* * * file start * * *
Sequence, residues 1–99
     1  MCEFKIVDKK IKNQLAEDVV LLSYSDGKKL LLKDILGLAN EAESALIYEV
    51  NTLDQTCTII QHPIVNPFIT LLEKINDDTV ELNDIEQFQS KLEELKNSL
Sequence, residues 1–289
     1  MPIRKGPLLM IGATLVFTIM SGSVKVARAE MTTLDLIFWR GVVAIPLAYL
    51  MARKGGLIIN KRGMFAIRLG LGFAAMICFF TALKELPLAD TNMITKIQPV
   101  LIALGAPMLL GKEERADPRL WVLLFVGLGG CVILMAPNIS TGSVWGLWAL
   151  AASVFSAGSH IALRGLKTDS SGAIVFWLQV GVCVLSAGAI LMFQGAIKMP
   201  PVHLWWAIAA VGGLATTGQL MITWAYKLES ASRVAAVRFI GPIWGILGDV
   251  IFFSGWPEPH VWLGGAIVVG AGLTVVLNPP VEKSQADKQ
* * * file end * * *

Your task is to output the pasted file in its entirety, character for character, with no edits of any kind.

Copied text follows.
Sequence, residues 1–99
     1  MCEFKIVDKK IKNQLAEDVV LLSYSDGKKL LLKDILGLAN EAESALIYEV
    51  NTLDQTCTII QHPIVNPFIT LLEKINDDTV ELNDIEQFQS KLEELKNSL
Sequence, residues 1–289
     1  MPIRKGPLLM IGATLVFTIM SGSVKVARAE MTTLDLIFWR GVVAIPLAYL
    51  MARKGGLIIN KRGMFAIRLG LGFAAMICFF TALKELPLAD TNMITKIQPV
   101  LIALGAPMLL GKEERADPRL WVLLFVGLGG CVILMAPNIS TGSVWGLWAL
   151  AASVFSAGSH IALRGLKTDS SGAIVFWLQV GVCVLSAGAI LMFQGAIKMP
   201  PVHLWWAIAA VGGLATTGQL MITWAYKLES ASRVAAVRFI GPIWGILGDV
   251  IFFSGWPEPH VWLGGAIVVG AGLTVVLNPP VEKSQADKQ